George Clooney triggers a monumental controversy
At a press conference Tuesday, Clooney called for “an open discussion’’ on the fate of the ancient friezes, which were taken by British diplomat Lord Elgin 200 years ago.
Both the Vatican and the J. Paul Getty Museum has sent parts back, Clooney said, raising the question “of whether or not one piece of art should be, as best as possible, put back together.’’
“There are certain pieces that you look at and think, that actually is probably the right thing to do,’’ Clooney said.
The fate of the marbles, originally part of the Parthenon temple, is a longstanding issue between Britain and Greece. Greece calls them looted art and wants all the friezes reunited in a museum in Athens.
Greek Culture Minister Panos Panagiotopoulos thanked Clooney for his support, calling him “an active citizen and creative artist who adamantly defends what is just and good.’’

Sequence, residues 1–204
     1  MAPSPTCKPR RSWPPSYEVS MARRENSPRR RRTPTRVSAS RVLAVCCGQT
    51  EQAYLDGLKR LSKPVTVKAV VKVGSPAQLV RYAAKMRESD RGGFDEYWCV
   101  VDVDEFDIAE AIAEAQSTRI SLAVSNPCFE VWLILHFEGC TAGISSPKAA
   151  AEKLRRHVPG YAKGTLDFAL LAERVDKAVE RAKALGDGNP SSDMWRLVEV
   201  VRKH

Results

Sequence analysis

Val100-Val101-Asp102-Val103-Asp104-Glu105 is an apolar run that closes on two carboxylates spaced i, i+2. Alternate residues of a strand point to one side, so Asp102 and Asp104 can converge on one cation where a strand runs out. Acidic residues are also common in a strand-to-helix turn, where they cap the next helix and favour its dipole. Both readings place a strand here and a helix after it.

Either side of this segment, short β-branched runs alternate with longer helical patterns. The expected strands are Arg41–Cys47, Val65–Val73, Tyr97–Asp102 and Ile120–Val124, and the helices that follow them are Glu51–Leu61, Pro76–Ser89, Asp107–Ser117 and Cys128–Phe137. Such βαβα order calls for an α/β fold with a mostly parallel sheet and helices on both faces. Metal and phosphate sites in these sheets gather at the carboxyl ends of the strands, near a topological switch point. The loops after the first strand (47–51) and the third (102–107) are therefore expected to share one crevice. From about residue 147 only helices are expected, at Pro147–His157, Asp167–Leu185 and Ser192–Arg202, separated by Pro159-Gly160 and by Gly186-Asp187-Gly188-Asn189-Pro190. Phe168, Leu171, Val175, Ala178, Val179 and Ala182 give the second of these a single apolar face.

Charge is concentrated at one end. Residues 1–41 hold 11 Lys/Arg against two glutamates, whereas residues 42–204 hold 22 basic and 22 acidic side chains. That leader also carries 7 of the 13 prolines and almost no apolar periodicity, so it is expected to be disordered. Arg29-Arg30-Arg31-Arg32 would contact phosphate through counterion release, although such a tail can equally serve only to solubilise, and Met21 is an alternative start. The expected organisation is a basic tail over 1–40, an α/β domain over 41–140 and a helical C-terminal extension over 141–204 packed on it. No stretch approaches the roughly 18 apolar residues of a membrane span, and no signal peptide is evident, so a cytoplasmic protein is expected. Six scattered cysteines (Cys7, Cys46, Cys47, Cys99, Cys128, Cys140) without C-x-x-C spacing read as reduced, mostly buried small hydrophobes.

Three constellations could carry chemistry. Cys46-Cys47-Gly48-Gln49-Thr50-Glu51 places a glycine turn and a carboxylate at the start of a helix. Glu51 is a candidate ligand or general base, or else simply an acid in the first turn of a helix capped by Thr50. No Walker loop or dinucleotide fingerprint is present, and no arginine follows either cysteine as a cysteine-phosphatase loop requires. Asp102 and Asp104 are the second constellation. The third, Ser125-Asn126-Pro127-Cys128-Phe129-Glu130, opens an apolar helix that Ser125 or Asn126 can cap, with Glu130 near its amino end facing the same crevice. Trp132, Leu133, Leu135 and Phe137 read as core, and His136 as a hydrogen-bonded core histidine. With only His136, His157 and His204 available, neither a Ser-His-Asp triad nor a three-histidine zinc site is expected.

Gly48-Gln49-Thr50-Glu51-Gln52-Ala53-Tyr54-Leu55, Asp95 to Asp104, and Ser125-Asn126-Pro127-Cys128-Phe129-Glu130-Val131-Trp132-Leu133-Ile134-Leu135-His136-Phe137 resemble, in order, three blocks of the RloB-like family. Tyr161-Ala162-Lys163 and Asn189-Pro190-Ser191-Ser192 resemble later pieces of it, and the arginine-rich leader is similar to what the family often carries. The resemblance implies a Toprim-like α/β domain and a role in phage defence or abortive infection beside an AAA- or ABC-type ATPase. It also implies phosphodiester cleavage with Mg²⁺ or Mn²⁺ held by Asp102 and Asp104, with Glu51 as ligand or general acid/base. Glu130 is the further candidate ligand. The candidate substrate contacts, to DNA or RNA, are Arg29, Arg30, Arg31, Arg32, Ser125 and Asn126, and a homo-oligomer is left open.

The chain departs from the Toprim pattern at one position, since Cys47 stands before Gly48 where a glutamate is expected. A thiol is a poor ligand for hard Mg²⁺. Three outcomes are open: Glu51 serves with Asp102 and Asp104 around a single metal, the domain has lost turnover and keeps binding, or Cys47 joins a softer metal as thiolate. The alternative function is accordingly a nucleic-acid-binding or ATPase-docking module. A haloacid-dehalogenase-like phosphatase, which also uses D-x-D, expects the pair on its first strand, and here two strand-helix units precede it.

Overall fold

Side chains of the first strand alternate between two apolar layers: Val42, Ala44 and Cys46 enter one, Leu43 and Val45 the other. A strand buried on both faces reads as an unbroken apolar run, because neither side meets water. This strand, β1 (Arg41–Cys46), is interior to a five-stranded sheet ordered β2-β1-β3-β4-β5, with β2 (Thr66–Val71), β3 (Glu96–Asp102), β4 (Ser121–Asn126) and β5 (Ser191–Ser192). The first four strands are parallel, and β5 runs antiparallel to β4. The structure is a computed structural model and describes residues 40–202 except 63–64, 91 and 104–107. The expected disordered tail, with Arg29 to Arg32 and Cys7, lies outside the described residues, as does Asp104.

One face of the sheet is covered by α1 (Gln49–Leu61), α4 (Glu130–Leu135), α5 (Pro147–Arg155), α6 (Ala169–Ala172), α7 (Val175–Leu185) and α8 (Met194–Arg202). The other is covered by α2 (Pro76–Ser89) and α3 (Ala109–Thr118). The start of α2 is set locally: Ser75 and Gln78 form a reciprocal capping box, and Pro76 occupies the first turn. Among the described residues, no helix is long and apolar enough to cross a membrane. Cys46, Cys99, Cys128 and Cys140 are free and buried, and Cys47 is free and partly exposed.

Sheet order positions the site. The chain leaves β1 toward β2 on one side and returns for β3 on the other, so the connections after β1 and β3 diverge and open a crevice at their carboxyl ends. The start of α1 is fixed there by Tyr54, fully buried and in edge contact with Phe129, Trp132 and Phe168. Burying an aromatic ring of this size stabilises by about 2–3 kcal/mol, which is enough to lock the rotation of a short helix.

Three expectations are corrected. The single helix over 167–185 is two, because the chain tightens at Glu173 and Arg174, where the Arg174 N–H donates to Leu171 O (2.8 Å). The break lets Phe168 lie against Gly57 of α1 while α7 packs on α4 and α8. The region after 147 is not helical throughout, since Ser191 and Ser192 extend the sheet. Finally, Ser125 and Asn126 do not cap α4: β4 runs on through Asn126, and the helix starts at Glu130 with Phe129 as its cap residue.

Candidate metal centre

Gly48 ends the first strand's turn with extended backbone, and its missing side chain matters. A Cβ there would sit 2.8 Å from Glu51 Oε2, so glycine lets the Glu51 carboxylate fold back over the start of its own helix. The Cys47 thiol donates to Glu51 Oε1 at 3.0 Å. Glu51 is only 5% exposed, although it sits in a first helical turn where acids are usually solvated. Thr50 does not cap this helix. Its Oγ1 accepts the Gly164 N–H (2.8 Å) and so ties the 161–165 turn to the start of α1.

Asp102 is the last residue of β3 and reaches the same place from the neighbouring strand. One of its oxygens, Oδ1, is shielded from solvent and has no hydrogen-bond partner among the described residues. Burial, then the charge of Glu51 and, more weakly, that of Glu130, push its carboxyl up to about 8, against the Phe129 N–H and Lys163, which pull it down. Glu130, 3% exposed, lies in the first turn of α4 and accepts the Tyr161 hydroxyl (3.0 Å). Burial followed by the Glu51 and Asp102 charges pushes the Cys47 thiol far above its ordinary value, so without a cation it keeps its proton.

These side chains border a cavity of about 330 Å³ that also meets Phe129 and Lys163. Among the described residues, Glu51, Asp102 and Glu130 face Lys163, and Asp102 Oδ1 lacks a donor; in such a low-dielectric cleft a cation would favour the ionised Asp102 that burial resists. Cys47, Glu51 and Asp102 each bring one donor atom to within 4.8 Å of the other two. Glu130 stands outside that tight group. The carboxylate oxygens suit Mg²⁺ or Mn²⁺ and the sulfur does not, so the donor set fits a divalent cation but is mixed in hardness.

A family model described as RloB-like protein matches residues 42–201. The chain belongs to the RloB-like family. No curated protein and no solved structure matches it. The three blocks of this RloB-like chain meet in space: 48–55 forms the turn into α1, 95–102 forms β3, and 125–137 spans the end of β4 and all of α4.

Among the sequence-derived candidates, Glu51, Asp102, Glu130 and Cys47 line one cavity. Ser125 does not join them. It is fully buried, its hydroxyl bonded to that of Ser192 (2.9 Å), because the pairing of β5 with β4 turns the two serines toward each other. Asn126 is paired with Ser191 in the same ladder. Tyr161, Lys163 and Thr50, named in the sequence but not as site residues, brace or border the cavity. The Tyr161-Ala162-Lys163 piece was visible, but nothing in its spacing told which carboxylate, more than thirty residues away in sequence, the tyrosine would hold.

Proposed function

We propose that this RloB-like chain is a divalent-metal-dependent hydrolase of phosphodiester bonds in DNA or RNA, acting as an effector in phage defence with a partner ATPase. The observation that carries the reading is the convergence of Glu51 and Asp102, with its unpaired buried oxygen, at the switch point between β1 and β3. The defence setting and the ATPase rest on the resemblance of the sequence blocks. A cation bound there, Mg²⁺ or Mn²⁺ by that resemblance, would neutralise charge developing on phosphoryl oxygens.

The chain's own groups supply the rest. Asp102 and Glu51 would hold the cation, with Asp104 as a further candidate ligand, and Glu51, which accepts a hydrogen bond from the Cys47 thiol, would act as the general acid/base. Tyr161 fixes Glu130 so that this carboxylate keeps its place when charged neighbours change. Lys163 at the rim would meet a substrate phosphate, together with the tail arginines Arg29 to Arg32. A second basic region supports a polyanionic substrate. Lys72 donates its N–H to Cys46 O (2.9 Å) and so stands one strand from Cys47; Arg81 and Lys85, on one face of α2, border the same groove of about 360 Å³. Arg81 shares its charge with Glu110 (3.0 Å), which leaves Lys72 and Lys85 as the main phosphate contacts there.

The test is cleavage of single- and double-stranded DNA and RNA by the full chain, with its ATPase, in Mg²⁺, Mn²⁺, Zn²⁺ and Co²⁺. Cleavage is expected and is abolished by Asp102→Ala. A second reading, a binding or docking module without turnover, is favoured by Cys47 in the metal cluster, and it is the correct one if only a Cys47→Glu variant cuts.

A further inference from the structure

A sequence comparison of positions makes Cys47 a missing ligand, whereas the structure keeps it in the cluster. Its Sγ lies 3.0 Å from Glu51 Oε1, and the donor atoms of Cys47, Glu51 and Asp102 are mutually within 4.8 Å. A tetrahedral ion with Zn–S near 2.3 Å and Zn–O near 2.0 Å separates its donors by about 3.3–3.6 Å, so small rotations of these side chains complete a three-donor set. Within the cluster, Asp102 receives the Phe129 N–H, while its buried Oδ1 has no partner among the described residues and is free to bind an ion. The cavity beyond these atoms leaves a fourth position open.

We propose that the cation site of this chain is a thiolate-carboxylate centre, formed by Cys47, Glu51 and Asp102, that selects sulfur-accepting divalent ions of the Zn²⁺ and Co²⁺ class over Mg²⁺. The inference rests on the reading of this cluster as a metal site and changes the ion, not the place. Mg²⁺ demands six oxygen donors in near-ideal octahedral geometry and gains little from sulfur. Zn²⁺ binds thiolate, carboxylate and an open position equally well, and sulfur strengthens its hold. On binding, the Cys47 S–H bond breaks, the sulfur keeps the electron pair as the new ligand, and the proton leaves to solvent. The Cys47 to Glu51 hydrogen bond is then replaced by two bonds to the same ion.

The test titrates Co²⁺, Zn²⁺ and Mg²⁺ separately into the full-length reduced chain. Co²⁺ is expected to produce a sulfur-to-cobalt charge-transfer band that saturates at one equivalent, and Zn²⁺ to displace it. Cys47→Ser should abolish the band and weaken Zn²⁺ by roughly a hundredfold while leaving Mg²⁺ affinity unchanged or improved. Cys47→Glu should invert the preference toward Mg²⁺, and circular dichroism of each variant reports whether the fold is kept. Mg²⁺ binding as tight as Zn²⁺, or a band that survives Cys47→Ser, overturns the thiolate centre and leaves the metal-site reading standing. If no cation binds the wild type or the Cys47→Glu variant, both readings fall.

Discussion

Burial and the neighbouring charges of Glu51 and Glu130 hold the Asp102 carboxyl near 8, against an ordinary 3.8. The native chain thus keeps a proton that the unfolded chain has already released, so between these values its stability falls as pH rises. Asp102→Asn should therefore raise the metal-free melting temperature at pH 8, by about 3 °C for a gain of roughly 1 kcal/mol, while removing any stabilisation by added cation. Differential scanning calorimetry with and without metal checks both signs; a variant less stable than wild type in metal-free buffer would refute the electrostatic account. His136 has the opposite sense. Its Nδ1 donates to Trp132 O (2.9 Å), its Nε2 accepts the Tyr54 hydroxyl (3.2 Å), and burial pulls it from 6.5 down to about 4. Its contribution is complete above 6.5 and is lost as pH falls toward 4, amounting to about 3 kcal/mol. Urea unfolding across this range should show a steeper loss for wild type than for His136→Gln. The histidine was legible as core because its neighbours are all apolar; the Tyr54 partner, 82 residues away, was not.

The British Museum, which houses the marbles, says they “are a part of the world’s shared heritage and transcend political boundaries’’ and are best displayed in London where the public can view them for free. Clooney, who directed and stars in “The Monuments Men,’’ said he hadn’t meant to spark a storm when he answered a question from a Greek journalist about the marbles at the Berlin International Film Festival last week.
And he said he’d been told that, as an American, he couldn’t understand the issues.
“That can’t always be the British default setting,” co-star Matt Damon told British reporters, half-joking. “That’s not actually an argument, to say ‘Well you’re American.’”
Bill Murray, another star of the movie, had a firmer opinion on the ancient artwork.
“It’s had a very nice stay here, certainly,” Murray said. “But London’s gotten crowded. There’s plenty of room back there in Greece.”
“The Monuments Men” tells the true story of a unit of Allied architects, artists, curators and museum directors sent into Europe to prevent art treasures being destroyed or looted by the Nazis. AP
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